The ready-to-drink (RTD) market continues to grow steadily, with the constant expansion of new types of beverages and numerous flavors, whether it's alcoholic or non-alcoholic. We've seen everything from flavored coconut juice and canned cold brewto drinkable cannabisand lion’s mane-powered tonics.
But what if drinks enthusiasts want to sip on something a little more chonky, but with tea?
Boba, also lovingly known as bubble tea, is the most recent beverage taking the RTD world by storm. Despite only recently hitting beverage aisles in stores and markets across the United States, Boba has a long history of being found in cafés. The creamy, bubble beverage is a quintessentially Taiwanese drink, dating back to its origins in the 80s.
The liquid treat was first made with either black or green tea, depending on the drinker's choice. It was then shaken through ice in a cocktail shaker to cool the tea and produce copious amounts of bubbly foam at the top of the glass. It wasn't until later that soft, chewy tapioca balls would get added to the beverage and transform it into an enormously popular sensation. Those chunky bubbles would give Boba its fitting nickname, "bubble tea."
Adding tapioca balls to Boba was developed by Lin Hsiu Hui of Chun Shui Tang Teahouse in Taizhong, Taiwan. In an interview with Asian Boss, Hui explains that the spontaneous idea came to her on a hot summer day as she daydreamed about childhood memories of eating tapioca pearls as a snack. She then shared the new "invention" with her colleagues, and shortly after, they too began selling it in their tea shop, kicking off the trend as we know it today.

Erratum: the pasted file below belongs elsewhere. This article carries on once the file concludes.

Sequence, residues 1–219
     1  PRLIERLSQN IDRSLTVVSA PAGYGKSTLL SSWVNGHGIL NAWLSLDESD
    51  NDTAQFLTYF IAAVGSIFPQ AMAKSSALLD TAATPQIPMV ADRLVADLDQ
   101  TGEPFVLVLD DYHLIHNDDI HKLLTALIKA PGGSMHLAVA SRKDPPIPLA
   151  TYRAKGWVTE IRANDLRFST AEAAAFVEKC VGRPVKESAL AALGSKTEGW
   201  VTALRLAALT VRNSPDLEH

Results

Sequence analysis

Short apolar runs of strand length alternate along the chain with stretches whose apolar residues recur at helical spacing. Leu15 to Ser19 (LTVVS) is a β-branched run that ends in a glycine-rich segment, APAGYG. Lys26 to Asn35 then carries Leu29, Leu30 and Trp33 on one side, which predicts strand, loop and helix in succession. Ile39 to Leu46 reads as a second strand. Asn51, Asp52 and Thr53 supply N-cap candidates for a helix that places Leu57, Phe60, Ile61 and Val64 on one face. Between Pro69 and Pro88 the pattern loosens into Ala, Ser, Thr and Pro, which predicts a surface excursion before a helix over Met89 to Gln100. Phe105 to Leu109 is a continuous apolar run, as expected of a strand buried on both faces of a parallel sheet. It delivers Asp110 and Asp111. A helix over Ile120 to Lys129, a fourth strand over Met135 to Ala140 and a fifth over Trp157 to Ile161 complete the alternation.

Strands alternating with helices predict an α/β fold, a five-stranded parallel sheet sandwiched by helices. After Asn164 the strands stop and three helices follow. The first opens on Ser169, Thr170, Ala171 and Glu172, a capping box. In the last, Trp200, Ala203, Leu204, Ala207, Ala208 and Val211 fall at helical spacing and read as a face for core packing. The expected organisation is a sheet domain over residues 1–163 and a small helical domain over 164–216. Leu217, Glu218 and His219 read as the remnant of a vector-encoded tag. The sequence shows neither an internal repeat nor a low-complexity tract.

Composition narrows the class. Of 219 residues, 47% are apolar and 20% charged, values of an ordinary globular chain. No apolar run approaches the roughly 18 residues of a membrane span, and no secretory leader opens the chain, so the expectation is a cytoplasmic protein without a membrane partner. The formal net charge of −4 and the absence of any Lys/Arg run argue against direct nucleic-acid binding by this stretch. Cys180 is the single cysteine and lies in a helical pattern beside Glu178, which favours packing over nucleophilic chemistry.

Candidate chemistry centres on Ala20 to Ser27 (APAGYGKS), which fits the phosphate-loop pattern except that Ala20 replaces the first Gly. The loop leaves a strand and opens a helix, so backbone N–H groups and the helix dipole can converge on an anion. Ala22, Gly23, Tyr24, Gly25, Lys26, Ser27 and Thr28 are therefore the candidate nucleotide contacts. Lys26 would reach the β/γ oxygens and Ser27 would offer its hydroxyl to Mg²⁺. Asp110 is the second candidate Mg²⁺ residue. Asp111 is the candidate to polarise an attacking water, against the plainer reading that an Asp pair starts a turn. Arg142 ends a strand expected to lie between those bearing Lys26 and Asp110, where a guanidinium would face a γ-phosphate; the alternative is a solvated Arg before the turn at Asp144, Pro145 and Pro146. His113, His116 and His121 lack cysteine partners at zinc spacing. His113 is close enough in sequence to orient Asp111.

As Priya Krishna of Food & Wine wrote, bubble tea began to take off in the 90s not only because of Taiwanese immigration but the emergence of a new kind of cafe culture helmed by our caffeine overlords, Starbucks. Now, folks were getting their coffee fix whenever they damn well wanted, and it opened the doors for other caffeinated beverages to be successful.
Today, there are countless boba stores across the U.S. Gong Cha, for example, was founded in Taiwan in 2006 and now has more than 160 stores across the United States. Kung Fu Tea started in Queens, New York, in 2010, and is now one of America's top bubble tea companies, with over 250 locations. In 2011, Boba Guys opened its doors in San Francisco, further advancing its popularity.
By 2032, the bubble tea market value is predicted to reach a high of $5.82 billion. With a product valuation coming in in the billions, there's no question why the RTD market is exploding, as there's room for opportunity for brands that get in early. Additionally, beyond the growing no-alc and low-alc markets, there's also growth within the soda-alternative market. Boba sits at the intersection of being both a specialty, novelty drink, as well as a healthier beverage alternative that's especially popular among younger Gen Z consumers driving demand.